Does a Lizard Shed its Skin?

Most people know that a snake sheds its skin, but does a lizard shed its skin?

A lizard is a reptile. Reptiles include snakes, lizards, crocodiles, alligators, caimans, turtles, tortoises, and terrapins. Reptiles lay soft-shelled eggs on land.

The Balkan Slow Worm (Pseudopus apodus) is also a reptile. It is not a worm and it is not a snake. It is a legless lizard. It actually has small (almost invisible), undeveloped rear legs, but it does not use its legs for locomotion. It is not a snake because it has eyelids (snakes do not have eyelids). It has a long tail. It is also known as the Pallas’s Glass Lizard, the European Glass Lizard, the Sheltopusik, or the Giant Russian Legless Lizard.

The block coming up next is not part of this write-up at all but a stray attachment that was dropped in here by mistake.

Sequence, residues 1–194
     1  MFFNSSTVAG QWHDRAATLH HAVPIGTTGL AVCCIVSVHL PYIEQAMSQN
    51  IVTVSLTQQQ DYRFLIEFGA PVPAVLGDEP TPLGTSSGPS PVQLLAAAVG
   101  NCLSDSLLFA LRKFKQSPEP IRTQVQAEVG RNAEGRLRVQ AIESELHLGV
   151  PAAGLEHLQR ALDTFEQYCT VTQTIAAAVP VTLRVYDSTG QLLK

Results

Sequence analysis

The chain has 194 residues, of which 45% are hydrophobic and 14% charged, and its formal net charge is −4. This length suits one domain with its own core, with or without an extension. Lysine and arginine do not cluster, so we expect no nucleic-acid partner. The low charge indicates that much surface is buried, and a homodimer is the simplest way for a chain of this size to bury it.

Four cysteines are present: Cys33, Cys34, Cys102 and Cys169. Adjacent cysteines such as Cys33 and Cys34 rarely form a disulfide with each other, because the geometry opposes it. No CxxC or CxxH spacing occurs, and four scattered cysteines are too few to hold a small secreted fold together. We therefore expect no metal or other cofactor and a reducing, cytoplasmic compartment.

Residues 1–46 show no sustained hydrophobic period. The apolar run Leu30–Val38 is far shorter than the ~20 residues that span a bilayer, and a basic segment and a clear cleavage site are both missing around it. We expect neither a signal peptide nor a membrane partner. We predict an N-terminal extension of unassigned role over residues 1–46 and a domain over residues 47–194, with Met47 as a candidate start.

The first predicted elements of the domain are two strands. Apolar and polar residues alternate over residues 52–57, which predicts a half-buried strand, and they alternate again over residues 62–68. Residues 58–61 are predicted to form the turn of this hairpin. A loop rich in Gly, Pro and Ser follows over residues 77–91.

Balkan Slow Worm

Lizards, and Balkan Slow Worms, shed their skin as they grow. 

As it grows, the lizard produces new skin, and the old skin migrates outwards to the surface. The old skin then becomes dull (it loses its shiny appearance) and opaque and drops off. 

Lizards shed their skin in pieces and not the whole length of its body. The duration between sheddings depends on how quickly it grows, but usually it is every two weeks.  

Shedding skin is called ecdysis.  

Balkan Slow Worm
Balkan Slow Worm

Location of photographs: Paris Jardin du Plantes Zoo, France

Photographer: Martina Nicolls


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